2. The Peace Offering Bringing us Peace: the thank, votive and freewill offering, …"upon the offerings," i.e. over the very, remnants of the daily sacrifice. It is exactly like chap. iii. 5. We are there taught that particular sins must be cast upon the one great Atonement; and the cases that occur in this chapter of special guilt are just specific applications of the great truth taught in the daily sacrifice. Israel was taught that their different offerings were all of one nature in the main with the general burnt offering;--one Saviour only was prefigured, and one atonement. The peace offerings speak of the state of grace of the believer in fellowship with God, and they took place mainly in connection with feasts commemorating God. This is very much like assurances of peace we experience in communion
How does the peace made at the cross affect us? Romans 5:1 Therefore being justified by faith, we have peace with God through our Lord Jesus Christ:
3. The Sin Offering was a Lamb, And dealt with Purifying Leviticus 4
The sin offering carries with it in Hebrew the meaning “to purify.” The effect of the sin offering was forgiveness of the sin and cleansing from the pollution of sin (Lev. 4:20,26,31,35; 5:10; 12:8; 14:20; 16:19). Its presentation assumed that the offeror was conscious of sin; and the laying on of the hands was understood to mean that the sin was to be transferred to the animal (Lev. 4:4,14).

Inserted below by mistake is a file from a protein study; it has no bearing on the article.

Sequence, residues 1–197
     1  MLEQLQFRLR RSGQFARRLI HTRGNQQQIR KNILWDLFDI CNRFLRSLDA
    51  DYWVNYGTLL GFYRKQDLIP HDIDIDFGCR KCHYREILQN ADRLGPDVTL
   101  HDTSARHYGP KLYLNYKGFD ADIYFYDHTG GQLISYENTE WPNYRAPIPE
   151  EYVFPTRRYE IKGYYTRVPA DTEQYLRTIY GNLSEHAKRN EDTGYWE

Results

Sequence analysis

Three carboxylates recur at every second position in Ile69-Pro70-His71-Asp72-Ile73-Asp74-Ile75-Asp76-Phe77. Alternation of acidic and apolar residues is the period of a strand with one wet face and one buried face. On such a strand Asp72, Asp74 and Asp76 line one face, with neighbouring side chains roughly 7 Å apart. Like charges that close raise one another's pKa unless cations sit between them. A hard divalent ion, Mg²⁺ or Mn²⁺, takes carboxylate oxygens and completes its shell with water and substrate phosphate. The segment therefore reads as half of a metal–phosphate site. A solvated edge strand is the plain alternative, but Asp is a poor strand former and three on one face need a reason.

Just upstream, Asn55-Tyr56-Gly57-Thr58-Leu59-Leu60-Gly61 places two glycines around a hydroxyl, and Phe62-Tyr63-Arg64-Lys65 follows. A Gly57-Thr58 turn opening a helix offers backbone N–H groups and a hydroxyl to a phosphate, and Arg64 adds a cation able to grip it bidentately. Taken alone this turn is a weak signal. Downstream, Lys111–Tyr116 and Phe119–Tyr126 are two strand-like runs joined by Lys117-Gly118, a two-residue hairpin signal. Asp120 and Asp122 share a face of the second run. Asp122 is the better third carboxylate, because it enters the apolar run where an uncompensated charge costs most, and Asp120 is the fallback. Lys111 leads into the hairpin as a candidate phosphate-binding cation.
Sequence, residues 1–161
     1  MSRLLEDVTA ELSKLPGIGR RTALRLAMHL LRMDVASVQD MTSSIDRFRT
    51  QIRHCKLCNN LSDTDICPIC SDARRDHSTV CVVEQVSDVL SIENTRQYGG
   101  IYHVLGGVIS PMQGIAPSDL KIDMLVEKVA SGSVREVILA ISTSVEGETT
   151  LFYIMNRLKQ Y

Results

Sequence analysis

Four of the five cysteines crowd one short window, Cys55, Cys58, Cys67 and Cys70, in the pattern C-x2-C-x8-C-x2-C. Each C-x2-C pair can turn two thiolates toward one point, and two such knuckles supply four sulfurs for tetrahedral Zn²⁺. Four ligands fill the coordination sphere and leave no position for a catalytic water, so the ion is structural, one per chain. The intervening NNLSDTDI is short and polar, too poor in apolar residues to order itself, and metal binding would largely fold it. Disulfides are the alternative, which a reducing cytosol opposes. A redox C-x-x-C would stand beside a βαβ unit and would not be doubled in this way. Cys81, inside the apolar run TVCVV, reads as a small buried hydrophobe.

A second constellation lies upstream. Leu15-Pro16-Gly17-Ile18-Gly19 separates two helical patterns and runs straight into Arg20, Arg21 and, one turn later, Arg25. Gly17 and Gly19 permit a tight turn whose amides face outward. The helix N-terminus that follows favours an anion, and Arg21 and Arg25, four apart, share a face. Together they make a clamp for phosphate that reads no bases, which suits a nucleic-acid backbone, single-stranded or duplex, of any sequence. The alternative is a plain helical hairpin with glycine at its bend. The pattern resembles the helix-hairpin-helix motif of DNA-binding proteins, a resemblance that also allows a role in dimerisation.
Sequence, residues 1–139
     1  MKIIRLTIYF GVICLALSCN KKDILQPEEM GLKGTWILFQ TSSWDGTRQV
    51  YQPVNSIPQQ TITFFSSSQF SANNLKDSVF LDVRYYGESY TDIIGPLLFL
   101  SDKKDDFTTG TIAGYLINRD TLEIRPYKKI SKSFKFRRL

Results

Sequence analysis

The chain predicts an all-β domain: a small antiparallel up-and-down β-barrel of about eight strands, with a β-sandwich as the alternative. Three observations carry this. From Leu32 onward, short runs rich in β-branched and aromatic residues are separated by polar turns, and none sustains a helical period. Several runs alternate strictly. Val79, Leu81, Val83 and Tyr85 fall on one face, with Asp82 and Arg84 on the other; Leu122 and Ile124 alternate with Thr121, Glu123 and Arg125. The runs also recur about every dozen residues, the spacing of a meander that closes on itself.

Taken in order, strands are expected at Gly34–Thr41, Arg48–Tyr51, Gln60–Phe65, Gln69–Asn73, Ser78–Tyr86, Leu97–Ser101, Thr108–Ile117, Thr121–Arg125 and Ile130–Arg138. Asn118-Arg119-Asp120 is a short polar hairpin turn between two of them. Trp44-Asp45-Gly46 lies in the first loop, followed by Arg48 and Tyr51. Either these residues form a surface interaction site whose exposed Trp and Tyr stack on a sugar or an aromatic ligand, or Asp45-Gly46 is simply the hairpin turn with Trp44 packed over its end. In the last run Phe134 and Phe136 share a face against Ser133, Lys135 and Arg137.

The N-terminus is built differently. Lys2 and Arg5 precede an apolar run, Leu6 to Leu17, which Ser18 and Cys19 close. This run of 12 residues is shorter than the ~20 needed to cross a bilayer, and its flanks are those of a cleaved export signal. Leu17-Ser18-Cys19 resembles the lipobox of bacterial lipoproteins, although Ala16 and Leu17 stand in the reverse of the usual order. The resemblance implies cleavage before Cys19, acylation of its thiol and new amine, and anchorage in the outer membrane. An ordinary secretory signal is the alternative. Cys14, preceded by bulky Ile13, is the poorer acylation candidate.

Matthew 1:21 She will give birth to a son, and you are to name Him Jesus, because He will save His people from their sins.”
How does the cross purify us? Titus 2:14 He gave Himself for us to redeem us from all lawlessness and to cleanse for Himself a special people, eager to do good works.
4. The Trespass Offering..a ram but also a lamb for Nazirites and lepers
The trespass offering was also a propitiatory offering, but it was made for a special offense, while the sin offering was made for the person of the offender. "In fact, the trespass offering may be regarded as representing ransom for a special wrong, while the sin offering symbolized general redemption" This ritual shows Christ's atoning for the damage caused by sin and has in view the injury of the sin as opposed to the guilt of the sin. This aspect of the trespass offering is seen in Psalm 51:4, "Against thee and thee only have I sinned, and done this evil in thy sight; that thou mightest be justified when thou speakest and be clear when thou judgest."
How does 1 John 1:5-2:2 fit with these sacrifices?

Isaiah 53 The Lamb Is A Person Whose Sacrifice Is For His People